South San Francisco is on track to have a balanced budget in the coming years after operating with a deficit amid the pandemic, according to a report released this week by the city.
The city, like many others in the region, has seen its revenues plummet as economic activity slowed during the pandemic. But while the city expects to end the current fiscal year ending next month with a general fund loss of $2.3 million, the coming year should produce a nearly balanced budget with a deficit reduced to $99,000.
“Barring any unforeseen events, South San Francisco’s books are balanced into the future without cutting services,” City Manager Mike Futrell said. “It took years through very wise financial decisions by City Council and staff…and this city is very well positioned today and into the future in the event of a recession or downturn.”
Total general fund revenue for the coming year is expected to be $122.1 million, nearly double what it was a decade ago, and an increase from the year ongoing is expected to close at $116.3 million. The previous year’s figure was $111.5 million, according to the report.
The city derives most of its revenue from property taxes, with $41 million expected this year and $43.8 million next year, representing 36% of the general fund contribution. Sales tax next year is expected to be $20.9 million, or 17.2%, licenses and permits $15.5 million, or 12.3%, and city hotel tax $11.2 million dollars, or 9.2%.
The hotel tax, the revenue stream hardest hit by the pandemic, was the hardest hit in fiscal 2020-21, dropping to $6.7 million from more than $17 million where it was. was before COVID-19.
To overcome the current year’s deficit, the city will dip into its reserves, which are expected to remain at a healthy level of $51.2 million. The city also received $12.2 million in federal pandemic relief funds, some of which went to city social programs like the Guaranteed Income Pilot Project.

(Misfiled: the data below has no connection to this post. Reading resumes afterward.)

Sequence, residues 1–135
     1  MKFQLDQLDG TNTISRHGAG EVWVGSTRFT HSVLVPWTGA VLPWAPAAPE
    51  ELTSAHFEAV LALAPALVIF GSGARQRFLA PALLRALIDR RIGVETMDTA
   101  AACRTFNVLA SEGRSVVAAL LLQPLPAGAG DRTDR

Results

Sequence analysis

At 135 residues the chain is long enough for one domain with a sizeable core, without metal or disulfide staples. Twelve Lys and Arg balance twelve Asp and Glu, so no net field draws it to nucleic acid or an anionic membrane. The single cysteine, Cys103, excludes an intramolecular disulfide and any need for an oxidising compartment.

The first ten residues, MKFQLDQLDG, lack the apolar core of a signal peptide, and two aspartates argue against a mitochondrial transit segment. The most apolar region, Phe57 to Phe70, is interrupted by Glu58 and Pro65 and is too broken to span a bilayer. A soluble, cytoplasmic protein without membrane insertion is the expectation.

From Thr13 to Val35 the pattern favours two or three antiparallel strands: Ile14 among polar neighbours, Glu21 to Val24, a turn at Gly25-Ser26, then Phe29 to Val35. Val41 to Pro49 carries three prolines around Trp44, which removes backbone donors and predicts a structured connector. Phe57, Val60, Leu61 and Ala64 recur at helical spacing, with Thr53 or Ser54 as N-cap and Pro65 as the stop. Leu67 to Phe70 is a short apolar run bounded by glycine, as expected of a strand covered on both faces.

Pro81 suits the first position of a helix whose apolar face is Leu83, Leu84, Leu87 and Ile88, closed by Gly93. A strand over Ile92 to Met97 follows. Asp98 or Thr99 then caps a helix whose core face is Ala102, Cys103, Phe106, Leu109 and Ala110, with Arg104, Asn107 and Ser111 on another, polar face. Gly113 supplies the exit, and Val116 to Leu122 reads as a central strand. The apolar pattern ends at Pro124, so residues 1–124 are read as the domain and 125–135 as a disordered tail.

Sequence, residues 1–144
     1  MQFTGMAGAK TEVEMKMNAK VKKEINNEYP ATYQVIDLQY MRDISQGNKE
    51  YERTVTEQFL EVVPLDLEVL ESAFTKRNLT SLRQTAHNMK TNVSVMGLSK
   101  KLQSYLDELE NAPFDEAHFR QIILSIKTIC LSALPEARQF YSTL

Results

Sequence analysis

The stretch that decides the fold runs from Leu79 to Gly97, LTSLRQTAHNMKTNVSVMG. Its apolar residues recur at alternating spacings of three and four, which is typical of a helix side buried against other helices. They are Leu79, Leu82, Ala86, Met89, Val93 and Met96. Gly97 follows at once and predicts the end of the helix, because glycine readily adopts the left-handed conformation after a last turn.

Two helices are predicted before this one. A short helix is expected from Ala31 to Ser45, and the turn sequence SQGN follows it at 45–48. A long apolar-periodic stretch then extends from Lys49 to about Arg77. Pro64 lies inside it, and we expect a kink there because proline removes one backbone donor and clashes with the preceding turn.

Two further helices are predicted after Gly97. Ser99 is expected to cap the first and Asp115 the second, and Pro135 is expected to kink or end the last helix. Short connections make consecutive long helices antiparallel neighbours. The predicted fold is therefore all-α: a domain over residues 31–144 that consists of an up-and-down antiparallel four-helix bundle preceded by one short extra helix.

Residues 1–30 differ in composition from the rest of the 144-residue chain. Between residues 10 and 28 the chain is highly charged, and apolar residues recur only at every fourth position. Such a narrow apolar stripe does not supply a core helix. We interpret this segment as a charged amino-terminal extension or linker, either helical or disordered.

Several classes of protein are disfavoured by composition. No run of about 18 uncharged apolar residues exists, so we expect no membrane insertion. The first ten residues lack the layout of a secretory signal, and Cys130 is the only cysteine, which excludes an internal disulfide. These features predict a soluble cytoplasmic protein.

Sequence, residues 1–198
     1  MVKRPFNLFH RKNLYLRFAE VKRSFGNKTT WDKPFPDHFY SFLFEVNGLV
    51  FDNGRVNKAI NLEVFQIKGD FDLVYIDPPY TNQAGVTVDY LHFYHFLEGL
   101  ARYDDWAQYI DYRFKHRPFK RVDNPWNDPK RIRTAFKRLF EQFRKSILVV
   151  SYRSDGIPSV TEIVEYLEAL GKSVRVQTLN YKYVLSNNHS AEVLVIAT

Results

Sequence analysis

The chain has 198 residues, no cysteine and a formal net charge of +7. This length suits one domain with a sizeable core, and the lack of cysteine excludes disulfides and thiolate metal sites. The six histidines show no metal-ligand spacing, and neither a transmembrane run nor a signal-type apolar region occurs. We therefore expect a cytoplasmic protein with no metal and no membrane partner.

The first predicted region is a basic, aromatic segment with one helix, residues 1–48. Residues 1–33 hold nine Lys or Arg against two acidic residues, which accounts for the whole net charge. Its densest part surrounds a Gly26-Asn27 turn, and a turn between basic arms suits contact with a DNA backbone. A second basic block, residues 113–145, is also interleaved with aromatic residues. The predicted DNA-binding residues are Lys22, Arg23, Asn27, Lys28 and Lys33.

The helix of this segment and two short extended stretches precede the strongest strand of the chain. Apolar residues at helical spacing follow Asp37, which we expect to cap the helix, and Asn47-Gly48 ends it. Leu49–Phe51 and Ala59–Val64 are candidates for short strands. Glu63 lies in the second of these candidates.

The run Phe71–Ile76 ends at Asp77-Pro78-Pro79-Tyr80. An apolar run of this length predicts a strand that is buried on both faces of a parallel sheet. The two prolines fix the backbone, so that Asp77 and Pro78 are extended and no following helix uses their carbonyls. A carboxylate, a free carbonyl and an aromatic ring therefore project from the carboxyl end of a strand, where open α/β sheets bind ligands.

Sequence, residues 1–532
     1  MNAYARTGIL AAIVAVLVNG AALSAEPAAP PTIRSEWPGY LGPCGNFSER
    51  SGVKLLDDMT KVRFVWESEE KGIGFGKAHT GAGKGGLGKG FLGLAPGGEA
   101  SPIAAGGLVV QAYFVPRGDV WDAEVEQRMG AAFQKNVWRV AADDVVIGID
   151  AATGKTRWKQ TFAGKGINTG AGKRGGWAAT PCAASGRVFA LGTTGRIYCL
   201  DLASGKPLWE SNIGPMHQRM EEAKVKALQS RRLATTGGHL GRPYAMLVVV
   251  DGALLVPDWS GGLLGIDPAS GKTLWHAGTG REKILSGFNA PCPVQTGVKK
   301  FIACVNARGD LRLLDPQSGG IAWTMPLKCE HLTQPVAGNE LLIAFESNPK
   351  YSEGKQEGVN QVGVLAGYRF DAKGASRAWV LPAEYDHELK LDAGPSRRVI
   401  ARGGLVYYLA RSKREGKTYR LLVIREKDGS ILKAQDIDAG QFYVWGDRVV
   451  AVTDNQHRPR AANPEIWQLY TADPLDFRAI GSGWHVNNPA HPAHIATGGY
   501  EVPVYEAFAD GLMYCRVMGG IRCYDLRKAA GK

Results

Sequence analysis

The city’s largest expenditures from its general fund continue to be police and fire departments, which consume 52% of expenditures. Parks and recreation accounts for 16%, with the remainder split among various other city departments.
The projected budget also takes into account various new municipal staff positions, including the hiring of three new human resources staff at an additional annual cost of $500,000. It also explains the hiring of an equity and inclusion officer, something that has been a board priority but put on hold amid the pandemic.
Regarding new hires, council member Mark Addiego said the city is fortunate to be able to make these decisions, especially compared to some neighboring towns that have been hit harder by the tax loss. hotels.
“South San Francisco is in an enviable position, and we can commit to improving the HR experience for both the people employed there and those who depend on their services,” he said.
Vice Mayor Flor Nicolas adopted a more cautious tone, pointing to potential new variants of COVID-19.
“Hopefully knowing what we know now, we will be able to realize all of these assumptions that we have,” she said.
The board will meet on June 8 to further consider the proposed budget ahead of the June 22 adoption deadline.